McDonald's Corp. says strength in the U.S. and Europe drove up a key revenue figure in May, but warned that economic volatility around the world and rising expenses are pressuring its second-quarter results.
The fast-food chain, based in Oak Brook, Ill., also said that foreign currency translations are now expected to hurt second-quarter earnings by 7 cents to 9 cents per share.
Shares of McDonald's were down $1.15, or 1.3 percent, at $87.23 in midday trading.
For May, the company says global sales at stores open at least 13 months rose 3.3 percent. That is a key metric because it excludes the volatility from newly opened or closed stores.
The figure was dragged down by results in the region encompassing Asia Pacific, the Middle East and Africa, where McDonald's said sales fell 1.7 percent from a year ago.
The negative performance in China was likely the result of new "value dinner" promotions that drove down average checks per visit, R.W. Baird analyst David Tarantino said in a note to investors. He also noted that McDonald's is facing increasing competition in the region, where many other fast-food companies are looking to expand as well.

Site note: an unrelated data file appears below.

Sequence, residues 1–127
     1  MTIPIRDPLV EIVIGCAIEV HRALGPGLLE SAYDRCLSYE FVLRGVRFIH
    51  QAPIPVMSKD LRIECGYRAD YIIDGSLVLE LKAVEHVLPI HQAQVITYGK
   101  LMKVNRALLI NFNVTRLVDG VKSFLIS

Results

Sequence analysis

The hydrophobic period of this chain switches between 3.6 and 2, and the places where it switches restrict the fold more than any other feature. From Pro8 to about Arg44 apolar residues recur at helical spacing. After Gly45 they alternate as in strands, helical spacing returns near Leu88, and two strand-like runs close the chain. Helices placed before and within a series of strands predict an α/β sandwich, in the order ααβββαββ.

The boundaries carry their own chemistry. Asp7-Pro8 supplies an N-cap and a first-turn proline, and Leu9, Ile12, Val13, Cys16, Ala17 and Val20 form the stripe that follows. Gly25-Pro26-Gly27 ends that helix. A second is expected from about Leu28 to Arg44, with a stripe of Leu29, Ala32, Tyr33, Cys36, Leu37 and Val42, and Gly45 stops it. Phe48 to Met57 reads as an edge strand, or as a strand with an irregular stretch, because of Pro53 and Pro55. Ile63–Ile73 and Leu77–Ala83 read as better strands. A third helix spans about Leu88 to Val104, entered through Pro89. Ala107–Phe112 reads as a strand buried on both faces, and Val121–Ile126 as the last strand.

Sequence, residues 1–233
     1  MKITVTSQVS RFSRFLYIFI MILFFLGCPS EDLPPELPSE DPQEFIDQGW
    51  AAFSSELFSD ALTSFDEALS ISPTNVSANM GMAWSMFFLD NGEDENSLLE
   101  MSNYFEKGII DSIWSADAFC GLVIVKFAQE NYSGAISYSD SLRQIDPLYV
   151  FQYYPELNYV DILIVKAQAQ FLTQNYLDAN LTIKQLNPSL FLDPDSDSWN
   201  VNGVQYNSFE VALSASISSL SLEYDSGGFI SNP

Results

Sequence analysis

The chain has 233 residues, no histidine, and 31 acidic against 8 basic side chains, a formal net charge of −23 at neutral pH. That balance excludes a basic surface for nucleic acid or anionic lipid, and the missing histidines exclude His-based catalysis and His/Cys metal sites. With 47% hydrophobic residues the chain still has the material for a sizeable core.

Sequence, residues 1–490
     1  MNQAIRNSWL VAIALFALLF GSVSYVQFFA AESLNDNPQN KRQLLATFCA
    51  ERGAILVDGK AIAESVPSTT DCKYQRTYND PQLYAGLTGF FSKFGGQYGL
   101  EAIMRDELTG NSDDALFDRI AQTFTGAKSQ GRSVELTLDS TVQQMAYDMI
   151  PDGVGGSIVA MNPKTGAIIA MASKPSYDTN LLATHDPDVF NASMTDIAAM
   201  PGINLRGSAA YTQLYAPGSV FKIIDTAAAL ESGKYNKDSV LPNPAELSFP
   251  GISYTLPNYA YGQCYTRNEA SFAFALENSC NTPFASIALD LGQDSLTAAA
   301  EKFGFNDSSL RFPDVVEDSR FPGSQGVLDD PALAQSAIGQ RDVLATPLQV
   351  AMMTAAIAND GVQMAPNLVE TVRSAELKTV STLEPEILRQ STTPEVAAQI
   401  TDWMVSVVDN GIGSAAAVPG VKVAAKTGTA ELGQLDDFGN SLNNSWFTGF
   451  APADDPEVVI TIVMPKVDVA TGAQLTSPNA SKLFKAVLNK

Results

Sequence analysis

McDonald's noted that it's working to improve results in the region with locally relevant menu options and "convenience enhancements," such as delivery in some Asian markets.
The drop in the region was offset by a 4.4 percent jump in the U.S., where demand for the new blueberry banana walnut oatmeal and Cherry Berry Chiller boosted sales.
In Europe, the sales figure rose 2.9 percent driven by gains in the United Kingdom, Russia and France, with the company's ongoing restaurant renovations helping improve sales. A mix of premium and value options also helped boost results in the region, the company said.
With more than 33,000 stores in 119 countries, McDonald's is the world's biggest hamburger chain and is often seen as a bellwether for the industry.
Although it has consistently outperformed its rivals, McDonald's is facing the same pressures from the global economy and rising ingredient costs that are squeezing the entire industry.